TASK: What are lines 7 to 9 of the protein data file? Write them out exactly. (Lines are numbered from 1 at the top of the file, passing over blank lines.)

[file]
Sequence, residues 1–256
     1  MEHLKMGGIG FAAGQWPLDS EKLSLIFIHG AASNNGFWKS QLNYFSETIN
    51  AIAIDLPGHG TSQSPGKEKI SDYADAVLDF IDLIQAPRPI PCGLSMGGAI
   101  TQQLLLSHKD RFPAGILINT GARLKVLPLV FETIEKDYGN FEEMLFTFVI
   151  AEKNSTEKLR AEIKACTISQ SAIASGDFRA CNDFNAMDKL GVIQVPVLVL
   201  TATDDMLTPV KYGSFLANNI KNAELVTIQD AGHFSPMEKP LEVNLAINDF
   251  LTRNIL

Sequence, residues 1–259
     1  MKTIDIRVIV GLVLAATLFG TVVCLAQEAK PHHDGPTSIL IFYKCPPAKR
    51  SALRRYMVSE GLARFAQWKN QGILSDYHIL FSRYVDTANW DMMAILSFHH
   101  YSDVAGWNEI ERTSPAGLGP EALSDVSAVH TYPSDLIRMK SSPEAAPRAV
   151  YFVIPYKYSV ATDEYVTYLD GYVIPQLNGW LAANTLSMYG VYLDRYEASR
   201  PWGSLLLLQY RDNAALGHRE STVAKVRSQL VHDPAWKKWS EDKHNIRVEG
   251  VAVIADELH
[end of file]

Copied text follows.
   251  LTRNIL

Sequence, residues 1–259
     1  MKTIDIRVIV GLVLAATLFG TVVCLAQEAK PHHDGPTSIL IFYKCPPAKR